19 Toddler Science Activities – Quick, Cheap, Easy, Fun
It’s not too early to try toddler science activities with your little one! Don’t think of it as education. Instead, think of it as new ideas for having fun. You’ll be teaching new words and showing off neat experiments. Have fun with your child even if they don’t seem to get it. They are soaking in information all the time. All of these activities can be done with everyday items and they are quick to setup, making it easy to whip out some toddler science activities any time you’re looking for fun things to do with your kid.
- Sink or Float – This is one of my favorite toddler science activities. It’s a great game for in the bathtub, sink, water table, or just a big pot of water. Gather a collection of small toys and objects and fill your chosen container with water. Try to guess whether an item will sink or float then see if your guesses are right. Talk about what the sinking things have in common and what the floating things have in common.
- Settling in water – Fill a jar partially with water. Help your child add a handful of dirt to the water. Talk about how the dirt made the water murky. Now put a lid on the jar and set it aside until the dirt settles. Talk to your child about what happened to the dirt, then let them shake it up again and repeat the process. Play again with other materials like sand or glitter.
- Heavy or light – Gather together several objects, like a rock, a ball, a stuffed animal, and a book. Talk about which ones are heavy and which ones are light. Sort the objects into different categories. Use the words light, lighter, lightest, and heavy, heavier, heaviest. Make a funny game of trying to pick up things like your couch – too heavy!
- Heavy and light eggs – This activity lets you explore heavy and light even when all the objects appear the same. Take some plastic Easter eggs and fill them with different materials to make them different degrees of heavy. For example, you could have one empty one, one with some rice, and one full of coins. Tape the eggs closed. Work with your child to figure out which ones are lighter and which ones are heavier. Can you place them in order from light to heavy?
- Magnets – Make a small collection of magnetic things for your child. Some ideas are paperclips, jewelry items, a lid from a jar, an eyelash curler, a screwdriver, nuts and bolts, a key ring, a binder clip, or a battery. Put these items on a baking sheet, along with some refrigerator magnets. Show your child how they connect. Talk about what’s happening, and play around with putting the things together in fun and interesting ways.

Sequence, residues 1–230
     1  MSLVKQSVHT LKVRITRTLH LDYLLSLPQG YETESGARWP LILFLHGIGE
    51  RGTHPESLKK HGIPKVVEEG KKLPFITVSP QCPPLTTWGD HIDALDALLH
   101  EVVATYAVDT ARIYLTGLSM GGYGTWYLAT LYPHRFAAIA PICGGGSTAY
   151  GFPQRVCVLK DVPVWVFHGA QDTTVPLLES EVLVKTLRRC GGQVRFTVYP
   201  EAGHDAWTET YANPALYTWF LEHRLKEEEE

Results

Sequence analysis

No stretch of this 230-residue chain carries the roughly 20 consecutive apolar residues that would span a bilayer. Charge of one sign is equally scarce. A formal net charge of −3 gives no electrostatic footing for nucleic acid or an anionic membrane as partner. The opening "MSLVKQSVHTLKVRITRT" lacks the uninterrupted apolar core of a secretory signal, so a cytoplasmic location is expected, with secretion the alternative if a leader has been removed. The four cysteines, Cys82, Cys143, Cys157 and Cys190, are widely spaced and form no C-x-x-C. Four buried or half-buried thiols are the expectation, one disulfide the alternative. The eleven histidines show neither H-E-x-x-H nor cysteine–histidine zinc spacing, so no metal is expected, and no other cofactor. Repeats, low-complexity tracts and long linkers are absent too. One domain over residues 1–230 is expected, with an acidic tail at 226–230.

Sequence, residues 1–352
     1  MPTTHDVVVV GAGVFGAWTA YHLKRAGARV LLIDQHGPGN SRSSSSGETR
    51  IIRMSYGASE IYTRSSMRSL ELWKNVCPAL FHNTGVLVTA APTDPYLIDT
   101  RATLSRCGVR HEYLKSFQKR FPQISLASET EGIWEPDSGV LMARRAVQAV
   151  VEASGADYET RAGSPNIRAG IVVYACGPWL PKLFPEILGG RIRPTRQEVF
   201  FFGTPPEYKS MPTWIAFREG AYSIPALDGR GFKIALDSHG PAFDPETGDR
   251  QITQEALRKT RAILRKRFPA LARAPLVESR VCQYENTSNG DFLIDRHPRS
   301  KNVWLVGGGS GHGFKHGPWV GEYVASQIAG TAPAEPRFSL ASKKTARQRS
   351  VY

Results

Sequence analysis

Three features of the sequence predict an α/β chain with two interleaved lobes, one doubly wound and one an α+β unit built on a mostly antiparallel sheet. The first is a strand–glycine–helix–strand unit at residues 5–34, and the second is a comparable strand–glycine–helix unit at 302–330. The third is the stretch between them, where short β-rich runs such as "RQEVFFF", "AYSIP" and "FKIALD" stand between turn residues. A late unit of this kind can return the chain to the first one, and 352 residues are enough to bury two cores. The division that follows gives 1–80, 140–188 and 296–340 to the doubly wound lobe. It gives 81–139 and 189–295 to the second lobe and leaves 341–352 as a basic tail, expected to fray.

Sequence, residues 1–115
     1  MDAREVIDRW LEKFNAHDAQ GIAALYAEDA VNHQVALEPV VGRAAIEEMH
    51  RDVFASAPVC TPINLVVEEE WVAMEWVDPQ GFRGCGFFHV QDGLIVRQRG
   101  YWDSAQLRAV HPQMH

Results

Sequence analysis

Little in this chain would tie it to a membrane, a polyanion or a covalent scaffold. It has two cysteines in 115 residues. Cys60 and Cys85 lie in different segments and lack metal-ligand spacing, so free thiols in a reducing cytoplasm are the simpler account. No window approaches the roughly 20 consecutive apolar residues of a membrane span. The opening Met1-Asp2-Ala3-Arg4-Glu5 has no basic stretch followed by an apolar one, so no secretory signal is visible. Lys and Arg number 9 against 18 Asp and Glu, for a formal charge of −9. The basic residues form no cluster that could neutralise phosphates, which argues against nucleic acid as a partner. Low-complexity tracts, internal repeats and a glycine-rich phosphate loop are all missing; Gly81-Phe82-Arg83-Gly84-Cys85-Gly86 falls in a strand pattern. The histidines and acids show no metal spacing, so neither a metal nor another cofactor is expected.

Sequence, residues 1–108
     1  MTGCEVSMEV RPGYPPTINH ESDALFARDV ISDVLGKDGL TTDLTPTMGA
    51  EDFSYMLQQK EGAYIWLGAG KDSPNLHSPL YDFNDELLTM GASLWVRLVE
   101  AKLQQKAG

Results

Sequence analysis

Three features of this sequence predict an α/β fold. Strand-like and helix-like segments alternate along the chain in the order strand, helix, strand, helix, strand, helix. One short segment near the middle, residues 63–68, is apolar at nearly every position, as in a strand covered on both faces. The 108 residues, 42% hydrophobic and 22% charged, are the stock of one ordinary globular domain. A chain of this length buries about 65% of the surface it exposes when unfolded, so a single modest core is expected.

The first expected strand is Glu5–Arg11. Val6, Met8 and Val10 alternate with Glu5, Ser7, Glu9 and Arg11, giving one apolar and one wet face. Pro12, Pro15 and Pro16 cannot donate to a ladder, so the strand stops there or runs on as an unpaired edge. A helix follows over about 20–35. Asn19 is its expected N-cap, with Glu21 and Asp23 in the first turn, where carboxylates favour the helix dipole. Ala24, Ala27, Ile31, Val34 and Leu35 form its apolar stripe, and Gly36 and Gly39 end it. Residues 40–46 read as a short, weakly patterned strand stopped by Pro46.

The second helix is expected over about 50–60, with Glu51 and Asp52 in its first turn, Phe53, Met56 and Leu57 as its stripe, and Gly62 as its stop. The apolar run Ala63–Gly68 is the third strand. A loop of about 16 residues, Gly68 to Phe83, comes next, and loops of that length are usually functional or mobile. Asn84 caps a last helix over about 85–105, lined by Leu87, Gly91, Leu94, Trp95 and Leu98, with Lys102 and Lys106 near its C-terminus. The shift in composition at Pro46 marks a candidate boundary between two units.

- Magnet hunt – Take the best or biggest magnets from the previous game and go on a hunt around the house for bigger magnetic items. Try the refrigerator, door knobs, and hinges. See what all you can find!
- Rock Crystals – In a small glass bowl half full of water, mix in salt a few tablespoons at a time until no more will dissolve. Then add a tablespoon of vinegar and fill the bowl with porous stones or charcoal. Leave it in an out of the way place for 2-3 days before taking it out to observe that crystals have started to form. Let your child touch the crystals and talk about their shapes, colors, and where they came from.
- Outline anatomy – Have your child lay down on a piece of butcher paper and trace their outline. Now take crayons and color in different body parts, talking about all the words we have to talk about the body – nose, eyes, mouth, ears, elbows, knees, belly button, fingers, ankles, and so on.
- Color explosions – Fill a glass cup, jar, or pitcher with warm water. In another bowl, mix a few tablespoons of oil with several drops of food coloring. Suck the mixture up into a medicine dropper or turkey baster. Let your child slowly squirt the mixture into the warm water, watching the explosions of color. Talk about the different colors and the shapes they’re making in the water. Play with multiple droppers with different colors and watch how the colors mix in the water.